- 2016 Greatest Hits: Presenting The Most Popular Articles Of The Past Year
- 2016 Hedge Fund Letters
- Key Digital Trends for 2017
Trend 1: The Chatbot Gold Rush (Facebook Messenger is at least three years behind message platforms in the East)
Trend 2: The Abdication Of Ethical Decision Making (Definition of ethics changes as technology progresses, so as how brands have to adapt)
Trend 3: A Video First World
Video is now at the forefront of content marketing. Facebook LIVE is killing Twitter which no one apparently wants to buy, be it Facebook, Google, Apple or Salesforce.
Trend 4: Twitter Retrench
“Twitter continues to struggle to find articulate its place in the world now and in the future.” With its huge user base, Twitter now is likely to focus on data and influence where it has demonstrated that the platform can have a big impact on politics, brands, technology, celeb culture, movies, media, and publishing
Trend 5: Facebook’s Proprietary Metric Problem (Basically don’t believe whatever Facebook tells you about how great it is)
“While active investing has contributed to its own downfall, there is a dark side to the growth of passive investing and many in the active money management community have been quick to point to some of these.
Corporate Governance: As ETFs and index funds increasing dominate the investment landscape, the question of who will bear the burden of corporate governance at companies has risen to the surface. After all, passive investors have no incentive to challenge incumbent management at individual companies nor the capacity to do so, given their vast number of holdings. As evidence, the critics of passive investors point to the fact that Vanguard and Blackrock vote with management more than 90% of the time. I would be more sympathetic to this argument if the big active mutual fund families had been shareholder advocates in the first place, but their track record of voting with management has historically been just as bad as that of the passive investors.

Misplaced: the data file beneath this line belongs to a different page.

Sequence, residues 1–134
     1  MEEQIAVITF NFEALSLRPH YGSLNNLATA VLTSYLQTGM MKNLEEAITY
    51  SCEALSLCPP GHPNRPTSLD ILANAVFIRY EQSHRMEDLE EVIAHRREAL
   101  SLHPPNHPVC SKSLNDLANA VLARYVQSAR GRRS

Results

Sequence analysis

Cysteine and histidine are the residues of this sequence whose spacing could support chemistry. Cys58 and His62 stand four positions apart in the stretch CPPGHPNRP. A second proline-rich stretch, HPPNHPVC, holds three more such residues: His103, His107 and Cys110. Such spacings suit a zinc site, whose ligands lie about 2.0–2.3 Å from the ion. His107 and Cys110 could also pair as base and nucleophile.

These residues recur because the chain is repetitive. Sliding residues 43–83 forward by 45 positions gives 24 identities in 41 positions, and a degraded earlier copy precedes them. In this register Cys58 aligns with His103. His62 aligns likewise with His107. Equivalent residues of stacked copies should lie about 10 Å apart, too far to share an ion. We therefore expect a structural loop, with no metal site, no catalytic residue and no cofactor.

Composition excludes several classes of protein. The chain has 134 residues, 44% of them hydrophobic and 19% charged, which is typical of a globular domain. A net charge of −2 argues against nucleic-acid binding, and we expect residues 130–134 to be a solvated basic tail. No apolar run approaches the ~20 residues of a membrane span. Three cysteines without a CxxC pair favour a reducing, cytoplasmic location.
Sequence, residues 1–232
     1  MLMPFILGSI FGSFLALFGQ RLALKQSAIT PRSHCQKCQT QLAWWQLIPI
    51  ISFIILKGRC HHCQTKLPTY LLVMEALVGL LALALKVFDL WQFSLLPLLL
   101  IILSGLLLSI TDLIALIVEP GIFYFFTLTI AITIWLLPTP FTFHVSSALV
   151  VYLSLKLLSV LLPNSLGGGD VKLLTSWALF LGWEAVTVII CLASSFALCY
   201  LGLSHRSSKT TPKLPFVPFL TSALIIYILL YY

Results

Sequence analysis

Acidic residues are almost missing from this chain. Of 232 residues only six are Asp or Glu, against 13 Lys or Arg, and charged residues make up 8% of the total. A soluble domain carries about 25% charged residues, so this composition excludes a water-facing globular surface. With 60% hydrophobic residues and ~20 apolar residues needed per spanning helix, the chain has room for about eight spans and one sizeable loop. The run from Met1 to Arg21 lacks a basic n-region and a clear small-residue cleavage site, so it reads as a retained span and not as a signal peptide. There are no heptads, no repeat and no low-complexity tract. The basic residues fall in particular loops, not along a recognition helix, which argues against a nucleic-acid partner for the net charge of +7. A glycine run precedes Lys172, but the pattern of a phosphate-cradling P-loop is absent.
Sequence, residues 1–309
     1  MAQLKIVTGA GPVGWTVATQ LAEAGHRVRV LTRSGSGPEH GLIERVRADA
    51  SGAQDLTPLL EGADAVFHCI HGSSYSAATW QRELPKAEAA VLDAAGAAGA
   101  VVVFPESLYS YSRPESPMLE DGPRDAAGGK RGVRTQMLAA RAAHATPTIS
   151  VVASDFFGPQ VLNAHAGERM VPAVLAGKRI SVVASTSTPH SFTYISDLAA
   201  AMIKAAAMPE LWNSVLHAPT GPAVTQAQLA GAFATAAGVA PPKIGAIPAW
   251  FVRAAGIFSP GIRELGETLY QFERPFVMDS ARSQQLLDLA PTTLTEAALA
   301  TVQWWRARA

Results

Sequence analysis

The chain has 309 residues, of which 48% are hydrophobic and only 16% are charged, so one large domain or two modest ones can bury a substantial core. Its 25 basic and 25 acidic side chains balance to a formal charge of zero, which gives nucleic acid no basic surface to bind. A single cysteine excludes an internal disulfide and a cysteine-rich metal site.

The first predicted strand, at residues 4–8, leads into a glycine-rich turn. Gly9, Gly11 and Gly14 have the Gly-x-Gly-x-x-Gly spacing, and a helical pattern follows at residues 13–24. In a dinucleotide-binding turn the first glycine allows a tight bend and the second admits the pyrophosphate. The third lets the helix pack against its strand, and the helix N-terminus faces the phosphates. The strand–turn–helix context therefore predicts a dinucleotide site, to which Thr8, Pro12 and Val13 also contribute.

Information Efficiency: To the extent that active investors collect and process information, trying to find market mistakes, they play a role in keeping prices informative. This is the point that was being made, perhaps not artfully, by the Bernstein piece on how passive investing is worse than Marxism and will lead us to serfdom. I wish that they had fully digested the Grossman and Stiglitz paper that they quote, because the paper plays out this process to its logical limit. In summary, it concludes that if everyone believes that markets are efficient and invests accordingly (in index funds), markets would cease to be efficient because no one would be collecting information. Depressing, right? But Grossman and Stiglitz also used the key word (Impossibility) in the title, since as they noted, the process is self-correcting. If passive investing does grow to the point where prices are not informationally efficient, the payoff to active investing will rise to attract more of it. Rather than the Bataan death march to an arid information-free market monopolized by passive investing, what I see is a market where active investing will ebb and flow over time.
Product Markets: There are some who argue that the growth of passive investing is reducing product market competition, increasing prices for customers, and they give two reasons. The first is that passive investors steer their money to the largest market cap companies and as a consequence, these companies can only get bigger. The second is that when two or more large companies in a sector are owned mostly by the same passive investors (say Blackrock and Vanguard), it is suggested that they are more likely to collude to maximize the collective profits to the owners. As evidence, they point to studies of the banking and airline businesses, which seem to find a correlation between passive investing and higher prices for consumers. I am not persuaded or even convinced about either of these effects, since having a lot of passive investors does not seem to provide protection against the rapid meltdown of value that you still sometimes observe at large market cap companies and most management teams that I interact with are blissfully unaware of which institutional investors hold their shares.”